- A.B. 1772
- Trustee 1802-1826
- First Jewish graduate and Trustee of Penn
Moses Levy was born in Philadelphia in 1757 the eldest child of Samson and Martha Levy. Levy entered the Academy of the College of Philadelphia in July 1767. After two years in Latin or Grammar School of the Academy, he went into the three-year course in the College of Philadelphia in 1769 and graduated with an A.B. degree in 1772. Levy’s brothers Daniel and Samson also attended the College or Academy beginning in the fall of 1776 but their education was likely cut short by the Revolution.
Rather than become a merchant like his father, Levy chose to study law. He was admitted to practice law in the Philadelphia County courts in March 1778. He had an active private practice in Philadelphia appearing in a number of high-profile cases, such as one defending Benjamin Rush. In 1822 Levy was appointed as the Presiding Judge of the Philadelphia County District Court.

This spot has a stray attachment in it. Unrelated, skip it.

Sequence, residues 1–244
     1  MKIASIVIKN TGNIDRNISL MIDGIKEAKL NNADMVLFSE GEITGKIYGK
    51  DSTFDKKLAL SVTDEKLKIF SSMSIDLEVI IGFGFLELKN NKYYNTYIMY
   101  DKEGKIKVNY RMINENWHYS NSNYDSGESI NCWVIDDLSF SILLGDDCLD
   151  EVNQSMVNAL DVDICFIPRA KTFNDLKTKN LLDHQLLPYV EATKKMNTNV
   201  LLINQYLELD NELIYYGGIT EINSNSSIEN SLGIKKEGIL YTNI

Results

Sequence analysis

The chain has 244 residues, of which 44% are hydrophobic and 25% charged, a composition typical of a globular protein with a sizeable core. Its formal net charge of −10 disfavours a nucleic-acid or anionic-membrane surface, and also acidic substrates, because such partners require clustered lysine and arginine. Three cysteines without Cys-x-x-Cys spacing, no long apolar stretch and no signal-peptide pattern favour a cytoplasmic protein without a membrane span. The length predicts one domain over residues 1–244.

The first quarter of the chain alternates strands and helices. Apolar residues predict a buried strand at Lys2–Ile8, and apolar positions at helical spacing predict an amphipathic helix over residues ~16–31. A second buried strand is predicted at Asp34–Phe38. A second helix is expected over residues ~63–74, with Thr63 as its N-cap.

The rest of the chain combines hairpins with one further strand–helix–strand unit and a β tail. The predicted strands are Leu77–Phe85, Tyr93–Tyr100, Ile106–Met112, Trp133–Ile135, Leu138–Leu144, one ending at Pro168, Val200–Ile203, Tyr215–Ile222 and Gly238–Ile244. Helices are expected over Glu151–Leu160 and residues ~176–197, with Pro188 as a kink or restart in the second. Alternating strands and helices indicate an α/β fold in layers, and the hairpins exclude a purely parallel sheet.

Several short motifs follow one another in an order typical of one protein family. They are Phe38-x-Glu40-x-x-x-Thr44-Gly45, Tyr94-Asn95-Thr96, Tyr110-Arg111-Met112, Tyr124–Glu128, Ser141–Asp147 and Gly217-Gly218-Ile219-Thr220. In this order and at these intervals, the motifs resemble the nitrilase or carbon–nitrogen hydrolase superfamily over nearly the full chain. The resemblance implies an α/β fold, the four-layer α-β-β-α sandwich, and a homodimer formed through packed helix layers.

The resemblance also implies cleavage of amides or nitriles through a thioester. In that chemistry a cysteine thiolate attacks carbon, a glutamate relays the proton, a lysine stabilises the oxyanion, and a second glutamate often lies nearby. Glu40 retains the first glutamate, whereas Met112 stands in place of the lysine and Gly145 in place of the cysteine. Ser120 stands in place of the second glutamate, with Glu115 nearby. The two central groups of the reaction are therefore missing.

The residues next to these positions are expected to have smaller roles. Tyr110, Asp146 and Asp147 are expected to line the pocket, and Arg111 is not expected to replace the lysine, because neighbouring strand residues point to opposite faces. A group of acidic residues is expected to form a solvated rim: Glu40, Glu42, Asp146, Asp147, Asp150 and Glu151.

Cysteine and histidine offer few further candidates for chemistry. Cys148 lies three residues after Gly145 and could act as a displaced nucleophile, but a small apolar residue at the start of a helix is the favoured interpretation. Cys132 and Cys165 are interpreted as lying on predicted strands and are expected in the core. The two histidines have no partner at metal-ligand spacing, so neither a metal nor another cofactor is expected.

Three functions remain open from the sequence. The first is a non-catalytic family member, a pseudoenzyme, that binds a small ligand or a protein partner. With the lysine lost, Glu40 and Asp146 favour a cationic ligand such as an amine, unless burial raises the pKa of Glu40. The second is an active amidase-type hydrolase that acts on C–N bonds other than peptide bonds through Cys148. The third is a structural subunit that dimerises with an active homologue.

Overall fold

In addition to his legal career, Levy held public office and served on the boards of local institutions. He was the Recorder of the City of Philadelphia from 1802 to 1808. He was one of the founding board members of the Pennsylvania Academy of Fine Arts in 1805 and also served as a founding and early co-president of the Pennsylvania School for the Deaf.
Levy was elected to the Board of Trustees of the University of Pennsylvania in December 1802. He was fairly active serving on several different committees, particularly those charged to hire new faculty and personnel, review of curriculum, and final public examination of students. He remained on the Board until his death.
Levy died in Philadelphia on 9 May 1826. He is believed to be the first Jewish graduate and trustee of the University of Pennsylvania.